The United States should be open to working together with its European allies to bring sanctions against Turkey should it continue violating the rule of law, said Karen Donfried, nominee for Assistant Secretary of State Department for European and Eurasian Affairs.
Donfried spoke during her confirmation hearing at the Senate Foreign Relations Committee on Tuesday.
Democratic Senator Chris Van Hollen, during his questioning of Donfried, spoke of Turkish President Recep Tayyip Erdoğan’s visit to northern Cyprus this week for what he termed as the “anniversary of the illegal Turkish invasion”.
Van Hollen said Erdoğan is “taking very provocative steps” including announcing plans for the partial re-opening of the Cypriot resort town of Varosha, fenced off after a Turkish military intervention into the northern third of the island in 1974. He said the plans were a “gross violation of numerous U.N. Security Council resolutions and U.S. policy statements regarding not to change the status quo before a settlement on the island.”
Erdoğan and Turkish Cypriot leader Ersin Tatar on Tuesday announced plans to reopen part of Varosha in Turkish-occupied Cyprus. Tatar said the authorities will lift the military status of part of the area, meaning 3.5 percent of the city will be granted civilian status for settlement.
Van Hollen asked Donfried whether she would agree to stand firm with partners in the EU against the planned opening of Varosha.
“Yes, I do agree that we should work closely with EU and European allies on how to push back against this. I think we’d be stronger in doing so,” Donfried said. She said she looked forward to working closely with the committee if confirmed “on these critical issues around stability and peace in the eastern Mediterranean”.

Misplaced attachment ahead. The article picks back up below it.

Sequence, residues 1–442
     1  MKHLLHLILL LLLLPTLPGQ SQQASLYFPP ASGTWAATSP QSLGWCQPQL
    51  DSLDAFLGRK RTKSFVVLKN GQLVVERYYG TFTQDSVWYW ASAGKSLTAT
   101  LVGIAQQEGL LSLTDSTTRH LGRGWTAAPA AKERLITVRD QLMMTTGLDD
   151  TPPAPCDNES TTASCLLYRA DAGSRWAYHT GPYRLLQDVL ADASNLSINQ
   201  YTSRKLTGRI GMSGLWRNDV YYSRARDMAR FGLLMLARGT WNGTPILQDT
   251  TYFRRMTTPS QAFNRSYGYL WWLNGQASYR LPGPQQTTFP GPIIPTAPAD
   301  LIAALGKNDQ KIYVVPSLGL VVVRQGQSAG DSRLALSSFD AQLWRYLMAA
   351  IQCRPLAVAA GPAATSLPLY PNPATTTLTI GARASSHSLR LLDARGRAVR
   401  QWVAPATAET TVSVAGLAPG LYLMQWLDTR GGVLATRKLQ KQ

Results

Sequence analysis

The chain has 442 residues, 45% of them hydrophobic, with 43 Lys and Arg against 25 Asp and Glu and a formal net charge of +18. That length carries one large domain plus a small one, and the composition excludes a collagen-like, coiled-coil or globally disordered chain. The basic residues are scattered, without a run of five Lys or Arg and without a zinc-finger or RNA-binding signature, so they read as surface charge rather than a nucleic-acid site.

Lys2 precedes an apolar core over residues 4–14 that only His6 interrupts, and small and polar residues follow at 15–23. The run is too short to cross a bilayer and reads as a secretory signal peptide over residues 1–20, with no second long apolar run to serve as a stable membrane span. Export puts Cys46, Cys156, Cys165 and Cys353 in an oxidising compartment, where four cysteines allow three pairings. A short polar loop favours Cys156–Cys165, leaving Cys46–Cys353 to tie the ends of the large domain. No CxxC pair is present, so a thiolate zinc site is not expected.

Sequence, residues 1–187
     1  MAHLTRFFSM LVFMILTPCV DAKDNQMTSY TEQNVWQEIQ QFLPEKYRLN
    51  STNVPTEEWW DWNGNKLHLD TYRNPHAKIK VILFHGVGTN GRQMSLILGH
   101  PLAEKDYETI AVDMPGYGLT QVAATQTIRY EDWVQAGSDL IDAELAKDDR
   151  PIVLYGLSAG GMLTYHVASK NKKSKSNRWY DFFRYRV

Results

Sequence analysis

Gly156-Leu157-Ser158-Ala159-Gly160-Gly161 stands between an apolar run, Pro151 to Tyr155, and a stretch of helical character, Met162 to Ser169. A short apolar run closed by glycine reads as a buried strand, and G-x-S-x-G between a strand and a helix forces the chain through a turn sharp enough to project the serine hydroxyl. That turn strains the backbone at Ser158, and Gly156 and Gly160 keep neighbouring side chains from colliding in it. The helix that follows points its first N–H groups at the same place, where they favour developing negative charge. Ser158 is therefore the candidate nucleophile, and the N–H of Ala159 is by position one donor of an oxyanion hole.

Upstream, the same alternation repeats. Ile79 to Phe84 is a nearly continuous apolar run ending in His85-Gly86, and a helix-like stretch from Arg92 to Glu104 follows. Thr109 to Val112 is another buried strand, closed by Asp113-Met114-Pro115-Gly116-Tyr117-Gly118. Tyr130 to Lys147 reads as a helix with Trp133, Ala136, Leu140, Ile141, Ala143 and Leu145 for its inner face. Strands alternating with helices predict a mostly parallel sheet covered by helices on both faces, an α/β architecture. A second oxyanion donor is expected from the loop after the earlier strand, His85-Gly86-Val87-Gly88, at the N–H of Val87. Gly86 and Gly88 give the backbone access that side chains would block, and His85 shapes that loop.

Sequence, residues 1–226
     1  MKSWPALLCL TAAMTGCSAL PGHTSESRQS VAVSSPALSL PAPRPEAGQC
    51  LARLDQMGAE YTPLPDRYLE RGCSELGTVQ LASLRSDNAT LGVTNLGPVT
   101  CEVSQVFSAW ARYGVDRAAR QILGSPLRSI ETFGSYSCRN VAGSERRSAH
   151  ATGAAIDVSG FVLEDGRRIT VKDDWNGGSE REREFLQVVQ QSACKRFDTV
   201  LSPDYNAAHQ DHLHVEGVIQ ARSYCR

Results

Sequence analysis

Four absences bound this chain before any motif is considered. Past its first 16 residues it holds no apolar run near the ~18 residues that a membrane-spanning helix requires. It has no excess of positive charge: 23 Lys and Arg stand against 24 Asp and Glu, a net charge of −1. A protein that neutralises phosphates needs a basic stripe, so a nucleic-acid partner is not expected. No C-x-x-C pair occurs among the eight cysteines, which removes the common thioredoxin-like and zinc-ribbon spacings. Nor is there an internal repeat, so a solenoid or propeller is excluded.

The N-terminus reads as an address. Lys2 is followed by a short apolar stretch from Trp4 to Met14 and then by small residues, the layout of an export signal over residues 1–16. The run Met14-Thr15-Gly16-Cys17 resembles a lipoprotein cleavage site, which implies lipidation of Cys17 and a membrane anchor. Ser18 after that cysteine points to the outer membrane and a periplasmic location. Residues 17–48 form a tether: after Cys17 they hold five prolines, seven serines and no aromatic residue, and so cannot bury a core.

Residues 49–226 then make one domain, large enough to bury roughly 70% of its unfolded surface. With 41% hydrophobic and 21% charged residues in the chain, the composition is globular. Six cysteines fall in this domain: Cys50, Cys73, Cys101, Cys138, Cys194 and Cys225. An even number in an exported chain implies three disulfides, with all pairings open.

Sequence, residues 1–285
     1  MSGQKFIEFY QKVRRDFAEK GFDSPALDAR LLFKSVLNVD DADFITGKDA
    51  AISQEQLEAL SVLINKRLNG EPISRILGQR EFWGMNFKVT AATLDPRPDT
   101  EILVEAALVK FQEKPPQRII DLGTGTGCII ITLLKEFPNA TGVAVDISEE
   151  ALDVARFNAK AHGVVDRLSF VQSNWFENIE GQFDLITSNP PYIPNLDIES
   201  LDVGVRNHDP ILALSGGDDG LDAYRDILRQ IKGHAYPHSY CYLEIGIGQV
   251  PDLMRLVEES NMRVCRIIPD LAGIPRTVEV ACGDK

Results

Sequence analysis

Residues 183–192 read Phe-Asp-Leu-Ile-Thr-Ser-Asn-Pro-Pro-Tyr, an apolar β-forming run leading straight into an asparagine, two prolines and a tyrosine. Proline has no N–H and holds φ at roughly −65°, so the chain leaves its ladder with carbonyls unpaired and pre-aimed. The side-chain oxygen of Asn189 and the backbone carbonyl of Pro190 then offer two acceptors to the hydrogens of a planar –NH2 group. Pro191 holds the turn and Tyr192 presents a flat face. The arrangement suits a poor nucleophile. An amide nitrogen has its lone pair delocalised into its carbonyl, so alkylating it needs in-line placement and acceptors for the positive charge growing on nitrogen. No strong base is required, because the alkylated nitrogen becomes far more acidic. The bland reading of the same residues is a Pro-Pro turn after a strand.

Senate Foreign Relations Committee Chair Robert Menendez said the committee felt “a need to see improvement on critical issues like Russia, Belarus, Turkey and support for Ukraine”.
Speaking of Erdoğan’s remarks in Turkish-controlled Northern Cyprus on Tuesday, Donfried said “the latest announcement by the Turkish Cypriot leader and by Turkish President Erdoğan about the Turkish Cypriots taking control of parts of Varosha… is a move clearly inconsistent with UNSC resolutions”.
Donfried said she was certain Erdoğan’s promise to open up Varosha “will be condemned and these actions are provocative. They are destabilising the region, they are an impediment to any settlement for Cyprus on the basis of a bizonal, bicommunal federation.”
Donfried said the matter of Varosha needs to be referred to the United Nations Security Council, and the U.S. needs to encourage the international community to give a strong response. “We also need to work to de-escalate the tension in eastern Mediterranean,” she said.
Donfried was the special assistant to President Barack Obama and senior director for European affairs on the National Security Council at the White House, helping the president design U.S. government policy towards Turkey. She became head of the German Marshall Fund of the United States (GMF) in April 2014.
In an interview given to the Turkish press shortly after leaving her post at the White House, Donfried criticised Turkey’s democracy under Erdoğan.
“Democracy has definitely more meaning than just ballot boxes. Democracy also means a civil society… In order for a democracy to work effectively, there must be a free press.”
If confirmed, Donfried’s portfolio at the State Department will include Turkey.